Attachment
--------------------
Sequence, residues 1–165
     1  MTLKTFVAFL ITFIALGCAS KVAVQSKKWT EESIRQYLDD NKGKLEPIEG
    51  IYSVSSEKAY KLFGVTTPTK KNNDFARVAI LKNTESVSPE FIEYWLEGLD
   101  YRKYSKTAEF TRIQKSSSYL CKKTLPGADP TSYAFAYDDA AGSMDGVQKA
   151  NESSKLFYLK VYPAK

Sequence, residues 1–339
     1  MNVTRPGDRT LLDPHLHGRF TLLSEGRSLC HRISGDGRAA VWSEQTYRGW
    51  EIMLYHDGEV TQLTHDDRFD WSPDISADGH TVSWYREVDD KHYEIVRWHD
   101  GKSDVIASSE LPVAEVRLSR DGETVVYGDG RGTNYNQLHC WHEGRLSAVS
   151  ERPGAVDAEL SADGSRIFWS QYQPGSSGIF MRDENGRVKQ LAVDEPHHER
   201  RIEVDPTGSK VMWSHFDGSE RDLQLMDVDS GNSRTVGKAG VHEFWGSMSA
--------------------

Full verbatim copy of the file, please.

Sequence, residues 1–165
     1  MTLKTFVAFL ITFIALGCAS KVAVQSKKWT EESIRQYLDD NKGKLEPIEG
    51  IYSVSSEKAY KLFGVTTPTK KNNDFARVAI LKNTESVSPE FIEYWLEGLD
   101  YRKYSKTAEF TRIQKSSSYL CKKTLPGADP TSYAFAYDDA AGSMDGVQKA
   151  NESSKLFYLK VYPAK

Sequence, residues 1–339
     1  MNVTRPGDRT LLDPHLHGRF TLLSEGRSLC HRISGDGRAA VWSEQTYRGW
    51  EIMLYHDGEV TQLTHDDRFD WSPDISADGH TVSWYREVDD KHYEIVRWHD
   101  GKSDVIASSE LPVAEVRLSR DGETVVYGDG RGTNYNQLHC WHEGRLSAVS
   151  ERPGAVDAEL SADGSRIFWS QYQPGSSGIF MRDENGRVKQ LAVDEPHHER
   201  RIEVDPTGSK VMWSHFDGSE RDLQLMDVDS GNSRTVGKAG VHEFWGSMSA